Race and the Early Republic is an excellent introduction to how US society reacted to citizens and slaves who were outside the early ideas of what constituted people.  Of course, the term in use was “white men” – a more honest phrasing than many in common use today. Michael Morrison builds Race from a collection of scholarly essays on relevant topics and enlists the authors to cross-pollinate (and cross reference) one another.  It forms an interesting and cohesive collection. It is academic enough that it is a little dry for my tastes.

Though I find the presentation sterile, the ideas are compelling.  Essays address different aspects of how European immigrants, indigenous people, and slaves found their way in the new country.  Importantly the authors look out from the groups as well as in from the majority and historical point of view.  The collection acknowledges what the dominant population encoded into the historical narrative as well as the actions and reactions of  the people themselves.  The resulting book brings more texture and understanding of the period and how it meshes with what comes before and after.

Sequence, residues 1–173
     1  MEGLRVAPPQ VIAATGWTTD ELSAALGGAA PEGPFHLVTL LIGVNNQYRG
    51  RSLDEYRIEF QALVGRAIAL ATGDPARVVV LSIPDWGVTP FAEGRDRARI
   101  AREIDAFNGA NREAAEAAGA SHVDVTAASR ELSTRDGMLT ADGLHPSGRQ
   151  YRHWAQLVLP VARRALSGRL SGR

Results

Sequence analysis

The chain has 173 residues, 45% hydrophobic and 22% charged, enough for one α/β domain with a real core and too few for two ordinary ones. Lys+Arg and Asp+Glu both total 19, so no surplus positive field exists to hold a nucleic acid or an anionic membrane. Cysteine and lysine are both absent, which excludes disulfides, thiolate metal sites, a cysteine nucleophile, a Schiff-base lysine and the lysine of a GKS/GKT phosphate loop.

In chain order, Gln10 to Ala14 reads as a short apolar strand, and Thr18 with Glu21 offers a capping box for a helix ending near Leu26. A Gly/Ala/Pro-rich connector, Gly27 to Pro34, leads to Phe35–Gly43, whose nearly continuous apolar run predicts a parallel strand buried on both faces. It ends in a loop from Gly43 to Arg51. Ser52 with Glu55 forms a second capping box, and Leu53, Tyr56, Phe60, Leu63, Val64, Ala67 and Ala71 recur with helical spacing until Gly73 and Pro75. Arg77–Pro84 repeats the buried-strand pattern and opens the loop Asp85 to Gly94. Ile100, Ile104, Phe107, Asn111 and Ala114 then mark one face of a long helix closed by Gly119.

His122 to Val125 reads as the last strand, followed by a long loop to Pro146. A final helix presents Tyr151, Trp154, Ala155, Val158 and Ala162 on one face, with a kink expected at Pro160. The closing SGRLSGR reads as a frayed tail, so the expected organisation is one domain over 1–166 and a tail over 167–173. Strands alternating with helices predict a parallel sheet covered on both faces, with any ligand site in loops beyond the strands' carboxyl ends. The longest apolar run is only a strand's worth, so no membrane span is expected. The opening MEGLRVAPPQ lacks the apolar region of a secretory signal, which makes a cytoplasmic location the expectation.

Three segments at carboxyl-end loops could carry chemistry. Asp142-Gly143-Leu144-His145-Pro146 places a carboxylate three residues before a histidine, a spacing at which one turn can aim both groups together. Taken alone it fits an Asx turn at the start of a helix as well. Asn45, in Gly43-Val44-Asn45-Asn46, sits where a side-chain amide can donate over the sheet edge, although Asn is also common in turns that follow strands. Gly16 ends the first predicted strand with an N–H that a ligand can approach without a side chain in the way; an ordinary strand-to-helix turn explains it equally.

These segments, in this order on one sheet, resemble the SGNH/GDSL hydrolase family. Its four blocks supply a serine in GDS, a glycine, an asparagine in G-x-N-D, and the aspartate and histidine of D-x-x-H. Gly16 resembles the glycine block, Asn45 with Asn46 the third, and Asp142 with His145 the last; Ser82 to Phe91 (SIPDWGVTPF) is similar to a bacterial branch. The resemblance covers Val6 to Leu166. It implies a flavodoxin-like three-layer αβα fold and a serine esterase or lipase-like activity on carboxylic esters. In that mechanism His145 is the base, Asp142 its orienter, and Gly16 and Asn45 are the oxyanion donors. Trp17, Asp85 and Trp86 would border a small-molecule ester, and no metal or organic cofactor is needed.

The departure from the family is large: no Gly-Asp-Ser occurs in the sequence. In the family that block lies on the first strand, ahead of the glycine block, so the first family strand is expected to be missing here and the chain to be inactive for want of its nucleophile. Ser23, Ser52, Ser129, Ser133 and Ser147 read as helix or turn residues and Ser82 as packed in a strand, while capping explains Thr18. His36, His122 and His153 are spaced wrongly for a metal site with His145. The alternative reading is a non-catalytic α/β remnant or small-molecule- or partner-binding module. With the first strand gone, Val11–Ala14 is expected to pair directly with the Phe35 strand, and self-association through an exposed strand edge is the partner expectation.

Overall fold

Present and Accounted For

December 30th, 2017

O Holy Night
O Little Town of Bethlehem
Adeste Fidelis
God Rest Ye Merry Gentlemen
We Wish You A Merry Christmas
Christmas in Hollis
The First Noel
Merry Christmas, Baby.

And The Little Drummer Boy, if and only if you’re Bowie and Crosby.

Review: The Second Coming of the KKK

December 29th, 2017

The three incarnations of the KKK each have a distinct character wrapped around manifestation of the parts of American society that resist change and exploit fear. My description may sound a little timid for an institution that is universally reviled – and I revile it – but the strongest elements of Linda Gordon’s The Second Coming of the KKK explain how Klan leaders presented it to the nation as a normal institution.  The second (major) incarnation was the most visible and politically influential one.  At a time when our leaders openly demean citizens based on their race, or their origin, or similar sources of otherness, Gordon’s study of the history is essential.

The current xenophobic forces in the country and world are not the KKK, but the tools and motivations that its leaders used to expand the institution’s influence are all clearly visible in today’s news.